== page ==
|This article needs additional citations for verification. (January 2008)|
Nina Genke or Nina Genke-Meller, or Nina Henke-Meller, (Russian: Нина Генке-Меллер, Нина Генке, 1893–1954) was a Ukrainian-Russian avant-garde artist, (Suprematist), designer, graphic artist and scenographer.
Nina Genke was born in Moscow in 1893 to a Dutch father, Genrikh Genke, and a Russian mother, Nadezhda Tikhanova. She married the artist Vadym Meller (1884-1962). Nina Genke-Meller died in Kiev in 1954.
In 1912 she graduated from Levandovskaya Private Gymnasium in Kyiv. She received a title to teach Russian language and history. The following year she began teaching history, geography and drawing at the Higher Primary College for Women in Skoptsi. In Skoptsi, she met the artist Yevgenia Pribylska who headed the Art Studio in a Folk Center and became more inspired to become an artist herself. In 1914 Genke began attending Aleksandra Ekster’s studio in Kyiv for her art education, becoming an assistant in Ekster's studio from 1915 to 1917. At the same time, she worked as an artist in Skoptsi (Skoptsy) Village Folk Centre, supervised by Yevgeniya Pribilskaya and in the Verbovka Village Folk Centre, founded by N. Davidova.
Nina Genke was closely connected with the Supremus group that was led by Kazimir Malevich, the founder of Suprematism. From 1915 Genke worked as a head and a chief artist of the Verbovka Village Folk Centre (province in Kiev). She attracted famous avant-garde artists such as Kazimir Malevich, Nadezhda Udaltsova, Aleksandra Ekster, Ivan Kliun, Ivan Puni, Lyubov Popova, Olga Rozanova, Ksenia Boguslavskaya and others to the creative peasant artisans co-operative.
Shortly after the October Revolution of 1917, Nina Genke participated in decorating the streets of Kiev and Odessa for Revolution Festivities together with Aleksandra Ekster and Kliment Red'ko, and began to design grandiose shows and a book on graphic design. Genke was a chief artist of the Golfstream futuristic publishing house led by Ukrainian poet-Futurist, Mykhail Semenko. At the same time she worked as a graphic artist. From 1920-1924 she taught art in the All-Ukrainian State Center Studio. In 1924 moved to Moscow, working as a stage designer, designer for china ( mostly plates) and wallpaper manufacture. Genke also held a position of the Deputy Head of the Board on Fine Arts in Vserabis. In later life, Genke worked as an interior designer, a scenographer, and supervisor of decorative and applied arts institutions.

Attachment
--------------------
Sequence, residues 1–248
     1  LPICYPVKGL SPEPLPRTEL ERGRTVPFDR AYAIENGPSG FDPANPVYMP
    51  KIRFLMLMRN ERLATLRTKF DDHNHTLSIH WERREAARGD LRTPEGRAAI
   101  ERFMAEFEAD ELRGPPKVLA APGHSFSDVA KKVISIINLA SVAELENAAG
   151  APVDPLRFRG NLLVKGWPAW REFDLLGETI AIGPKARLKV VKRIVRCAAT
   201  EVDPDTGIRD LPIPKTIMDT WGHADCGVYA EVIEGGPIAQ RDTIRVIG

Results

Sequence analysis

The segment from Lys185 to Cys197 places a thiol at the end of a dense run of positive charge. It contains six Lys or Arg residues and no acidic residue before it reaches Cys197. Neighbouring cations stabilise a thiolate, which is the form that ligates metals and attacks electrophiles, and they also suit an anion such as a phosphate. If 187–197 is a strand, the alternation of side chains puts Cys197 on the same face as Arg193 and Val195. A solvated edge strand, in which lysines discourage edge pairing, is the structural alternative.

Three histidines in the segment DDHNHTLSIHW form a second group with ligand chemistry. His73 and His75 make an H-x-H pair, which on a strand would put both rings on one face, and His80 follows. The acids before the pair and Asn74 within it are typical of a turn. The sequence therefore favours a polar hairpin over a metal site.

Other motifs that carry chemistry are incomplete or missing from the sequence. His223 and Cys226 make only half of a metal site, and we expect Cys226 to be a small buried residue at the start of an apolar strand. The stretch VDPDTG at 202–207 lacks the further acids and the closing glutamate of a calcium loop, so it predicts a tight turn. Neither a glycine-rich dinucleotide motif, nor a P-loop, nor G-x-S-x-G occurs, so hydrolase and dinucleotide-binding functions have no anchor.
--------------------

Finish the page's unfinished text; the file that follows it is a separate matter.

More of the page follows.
- Sergei Papeta, Nina Henke: From Folk Suprematism to Avant-gardism of Shows and Plays, pp. 48–66, Exhibition Catalogue, Avant-Garde Adventures, National Art Museum of Ukraine (NAMU), Kiev, Ukraine, 2004.
- Nina Genke: Avantgarde and Ukraine, p. 193, Exhibition Catalogue, Villa Stuck, Munich, Germany, 1993.
- Nina Genke: Ukrainian Avant-garde of 1910-1930s, Zagreb, Croatia, 1991.
- Dmytro Horbachov, ed., Ukrainian Avant-garde Art 1910-1930s, "Mystetstvo," Kiev, Ukraine, 1996.
- John E. Bowlt, ed., Crossroads: Modernism in Ukraine, Exhibition Catalogue, Chicago Cultural Center, Chicago, and The Ukrainian Museum, New York, 2006-2007.